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Issue 1785 (PDF)
The student newspaper of Imperial College London

Keep the Cat Free

The mystifying poet is under the spotlight in Rumi: The Musical

The 13th century poet is the focus of this restrained and intimate new musical.

Rumi Photo: Jane Hobson


in Issue 1785


Rumi: The Musical

★ ★ ★ ★
London Coliseum
23-24 November 2021
From £10

Rumi, better known to me and to other Turkish-speaking individuals as Mevlana, is a 13th century poet known for his teachings relating to the concept of love, namely the love one has for God. Claimed as the national poet of three countries (Iran, Turkey and Afghanistan), his influence can be felt strongly in the entire region. 

Although I was raised with the awareness of Rumi’s existence, I would be lying if I claimed I was always familiar with his work. I only became more interested in him recently after reading Forty Rules of Love, a fictionalised account of a portion of Rumi’s life by the prolific Turkish author Elif Shafak.

Interestingly, Rumi: The Musical and Forty Rules of Love cover a strikingly similar portion of Rumi’s life. Namely, they cover his relationship with Shams Tabrizi, the Persian poet who is thought to have acted as Rumi’s spiritual instructor, sometimes going as far as calling him Rumi’s soulmate or muse. 

Naturally, the exact nature of Rumi and Shams’s relationship has been widely speculated on over the years. The show treads these waters carefully. Ultimately, regardless of the exact nature of the relationship, for Rumi: The Musical to work, the chemistry between the show’s namesake (played by co-writer Nadim Naaman) and Shams Tabrizi (played by the Olivier and Tony nominated Ramin Karimloo of Phantom fame) would have had to be on point. Well, it was… fine. At no point did the lack of chemistry take me out of the story. However, I was also never quite taken aback by it as the rest of the characters in the play were.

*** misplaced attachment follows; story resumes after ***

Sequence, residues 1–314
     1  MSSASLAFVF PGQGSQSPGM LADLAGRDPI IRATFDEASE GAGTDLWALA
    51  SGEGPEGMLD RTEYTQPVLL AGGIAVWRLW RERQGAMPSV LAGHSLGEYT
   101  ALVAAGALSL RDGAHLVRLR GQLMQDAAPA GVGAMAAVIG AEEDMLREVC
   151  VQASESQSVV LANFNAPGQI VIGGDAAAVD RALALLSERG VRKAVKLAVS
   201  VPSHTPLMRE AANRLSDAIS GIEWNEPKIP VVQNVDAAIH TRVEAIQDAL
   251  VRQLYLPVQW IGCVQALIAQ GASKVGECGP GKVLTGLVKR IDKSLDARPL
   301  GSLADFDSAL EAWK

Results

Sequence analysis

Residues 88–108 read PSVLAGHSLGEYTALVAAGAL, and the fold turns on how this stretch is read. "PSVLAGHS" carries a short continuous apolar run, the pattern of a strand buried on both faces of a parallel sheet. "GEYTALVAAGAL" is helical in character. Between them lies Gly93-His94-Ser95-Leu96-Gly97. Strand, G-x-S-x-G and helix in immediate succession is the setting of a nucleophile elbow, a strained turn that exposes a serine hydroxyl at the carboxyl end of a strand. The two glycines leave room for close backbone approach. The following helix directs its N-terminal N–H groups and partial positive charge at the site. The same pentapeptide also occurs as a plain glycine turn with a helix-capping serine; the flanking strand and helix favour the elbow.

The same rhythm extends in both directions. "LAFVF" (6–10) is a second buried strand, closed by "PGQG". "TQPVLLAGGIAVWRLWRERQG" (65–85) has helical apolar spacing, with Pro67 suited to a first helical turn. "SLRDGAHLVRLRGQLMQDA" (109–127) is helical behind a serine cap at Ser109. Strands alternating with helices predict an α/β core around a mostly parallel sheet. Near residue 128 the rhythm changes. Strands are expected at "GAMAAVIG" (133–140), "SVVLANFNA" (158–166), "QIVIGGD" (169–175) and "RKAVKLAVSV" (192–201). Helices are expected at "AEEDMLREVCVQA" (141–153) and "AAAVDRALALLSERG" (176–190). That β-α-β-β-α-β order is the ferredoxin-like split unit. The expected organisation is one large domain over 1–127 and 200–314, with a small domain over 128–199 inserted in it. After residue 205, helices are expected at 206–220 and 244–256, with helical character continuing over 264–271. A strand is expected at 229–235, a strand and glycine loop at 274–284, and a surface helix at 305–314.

Written by Nadim Naaman and Dana Al Fardan, the music is gorgeous, blending Middle Eastern cadences with Western elements. It works best when the show leans into the Middle Eastern elements and does not go full on traditional classical musical theatre. The choreography is admittedly bizarre at times with a similar Eastern-Western synthesis, but oddly, it works.

One thing that is most commonly associated with Rumi regardless of one’s familiarity with his work is undoubtedly the Whirling Dervishes, as was the case for me too. Whirling Dervishes are men in long white gowns whirling as a means of meditation, in the meantime creating a striking visual of their skirts expanding as they whirl. 

The musical shows commendable restraint when it comes to whirling, which only makes an appearance near the end of the first act, and not again until almost the very end (although there are abstract suggestions of it here and there throughout). Every time the whirling is in full force on stage, it succeeds in serving a moving, extremely impactful visual, which may not have been the case had it been over utilised.

Billed as a semi-staged concert, the staging is simple. Thanks to gorgeous lighting, the few set pieces come to life and help fill the large Coliseum stage.

Overall, the company clearly understand the assignment and deliver thoughtful, multi-dimensional performances. Karimloo soars as Shams, delivering a pitch perfect performance. Playing the titular Rumi, co-writer Naaman also more than holds his own.

On the whole, Rumi: The Musical is a significant triumph, not just for shining light on one of the most prominent Middle Eastern poets for British audiences, but also doing it delicately and without losing touch of what makes Rumi such an important figure in this region.

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